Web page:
->  Seq Scan on featureloc fl  (cost=0.00..261709.31
rows=25477 width=14)
              ->  Index Scan using feature_pkey on feature f 
(cost=0.00..3.14 rows=1 width=33)

If I try to force it to use an index by setting enable_seqscan=0, it
then uses featureloc_idx1, the index on feature_id.  This has slightly
worse performance than the seq scan, at just over 30 seconds.  Here is
the output of explain for this case:

Unique  (cost=356513.46..356895.61 rows=2548 width=47)
  ->  Sort  (cost=356513.46..356513.46 rows=25477 width=47)
        ->  Nested Loop  (cost=0.00..354189.73 rows=25477 width=47)
              ->  Index Scan using featureloc_idx1 on featureloc fl 
(cost=0.00..273845.08 rows=25477 width=14)
              ->  Index Scan using feature_pkey on feature f 
(cost=0.00..3.14 rows=1 width=33)

Now, if I drop featureloc_idx1 (again, not something I can do in
production) and still disallow seq scans, it uses featureloc_idx2, as it
did with the naive database above, but the performance is much worse,
running about 24 seconds for the query.  Here is the output of explain:

Unique  (cost=1310195.21..1310577.36 rows=2548 width=47)
  ->  Sort  (cost=1310195.21..1310195.21 rows=25477 width=47)
        ->  Nested Loop  (cost=0.00..1307871.48 rows=25477 width=47)
              ->  Index Scan using featureloc_idx2 on featureloc fl 
(cost=0.00..1227526.82 rows=25477 width=14)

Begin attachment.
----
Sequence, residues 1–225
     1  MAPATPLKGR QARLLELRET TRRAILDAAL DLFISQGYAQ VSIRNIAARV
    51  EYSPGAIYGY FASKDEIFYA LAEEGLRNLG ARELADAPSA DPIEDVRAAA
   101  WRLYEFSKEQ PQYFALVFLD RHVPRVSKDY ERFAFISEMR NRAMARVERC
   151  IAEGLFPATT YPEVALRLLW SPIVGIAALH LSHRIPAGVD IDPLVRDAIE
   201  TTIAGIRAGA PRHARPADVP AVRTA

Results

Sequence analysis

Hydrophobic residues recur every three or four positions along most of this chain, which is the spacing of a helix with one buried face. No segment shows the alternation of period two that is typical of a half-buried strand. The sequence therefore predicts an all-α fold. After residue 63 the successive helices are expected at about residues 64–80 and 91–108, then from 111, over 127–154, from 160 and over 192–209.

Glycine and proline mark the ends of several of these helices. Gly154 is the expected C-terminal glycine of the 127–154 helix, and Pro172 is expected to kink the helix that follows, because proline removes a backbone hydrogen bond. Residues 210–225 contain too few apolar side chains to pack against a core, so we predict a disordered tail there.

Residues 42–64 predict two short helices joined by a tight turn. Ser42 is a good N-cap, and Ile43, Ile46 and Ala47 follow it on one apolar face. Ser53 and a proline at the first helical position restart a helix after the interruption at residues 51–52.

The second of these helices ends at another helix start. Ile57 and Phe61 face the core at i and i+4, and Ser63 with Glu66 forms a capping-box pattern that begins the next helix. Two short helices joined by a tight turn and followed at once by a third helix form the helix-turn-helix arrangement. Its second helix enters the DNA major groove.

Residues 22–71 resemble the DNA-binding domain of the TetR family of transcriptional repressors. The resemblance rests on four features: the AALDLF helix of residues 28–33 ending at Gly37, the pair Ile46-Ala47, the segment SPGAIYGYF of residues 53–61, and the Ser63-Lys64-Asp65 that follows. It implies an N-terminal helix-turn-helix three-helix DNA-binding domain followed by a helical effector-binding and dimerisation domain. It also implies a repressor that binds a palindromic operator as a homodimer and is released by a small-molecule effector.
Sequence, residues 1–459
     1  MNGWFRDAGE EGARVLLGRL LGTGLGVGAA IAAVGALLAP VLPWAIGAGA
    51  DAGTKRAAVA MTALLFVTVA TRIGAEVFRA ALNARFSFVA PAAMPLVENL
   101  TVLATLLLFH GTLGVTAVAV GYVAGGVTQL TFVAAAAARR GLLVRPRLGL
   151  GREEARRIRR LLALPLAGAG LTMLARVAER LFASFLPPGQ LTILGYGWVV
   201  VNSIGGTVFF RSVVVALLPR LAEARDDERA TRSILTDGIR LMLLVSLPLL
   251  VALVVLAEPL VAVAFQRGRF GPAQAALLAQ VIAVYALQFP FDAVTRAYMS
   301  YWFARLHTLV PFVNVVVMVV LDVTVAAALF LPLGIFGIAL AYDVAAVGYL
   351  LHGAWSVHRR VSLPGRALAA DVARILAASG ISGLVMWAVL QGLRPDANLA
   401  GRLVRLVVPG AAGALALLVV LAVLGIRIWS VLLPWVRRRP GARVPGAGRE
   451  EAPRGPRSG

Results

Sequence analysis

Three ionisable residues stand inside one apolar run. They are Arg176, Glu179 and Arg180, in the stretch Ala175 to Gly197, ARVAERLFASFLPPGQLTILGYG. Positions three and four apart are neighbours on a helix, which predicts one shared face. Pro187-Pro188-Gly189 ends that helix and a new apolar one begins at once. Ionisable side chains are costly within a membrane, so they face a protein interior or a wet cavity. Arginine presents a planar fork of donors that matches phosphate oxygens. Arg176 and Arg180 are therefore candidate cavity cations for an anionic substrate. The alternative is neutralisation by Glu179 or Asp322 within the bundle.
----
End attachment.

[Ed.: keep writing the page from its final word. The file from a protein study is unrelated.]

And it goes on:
->  Index Scan using feature_pkey on feature f 
(cost=0.00..3.14 rows=1 width=33)

Finally, if I drop featureloc_idx2, it uses the right index, and the
runtime gets back to about 2 seconds, but the database is unusable for
other queries because I dropped the other indexes and disallowed seq
scans.  Here is the output for explain in this case:

Unique  (cost=1414516.98..1414899.13 rows=2548 width=47)
  ->  Sort  (cost=1414516.98..1414516.98 rows=25477 width=47)
        ->  Nested Loop  (cost=0.00..1412193.25 rows=25477 width=47)
              ->  Index Scan using featureloc_src_strand_beg_end on
featureloc fl  (cost=0.00..1331848.60 rows=25477 width=14)
              ->  Index Scan using feature_pkey on feature f 
(cost=0.00..3.14 rows=1 width=33)

Now the question: can anybody tell me why the query planner does such a
bad job figuring out how to run this query after I run VACUUM ANALYZE,
and can you give me any advice on making this arrangement work without
forcing postgres' hand by limiting its options until it gets it right?

Thank you very much for reading down to here,
Scott

-- 
------------------------------------------------------------------------
Scott Cain, Ph. D.                                         cain(at)cshl(dot)org
GMOD Coordinator (http://www.gmod.org/)                     216-392-3087
Cold Spring Harbor Laboratory


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Next:From: Tom LaneDate: 2003-02-14 17:00:18
Subject: Re: performace problem after VACUUM ANALYZE
Previous:From: johnnnnnnDate: 2003-02-14 16:33:14
Subject: Re: Tuning scenarios (was Changing the default configuration)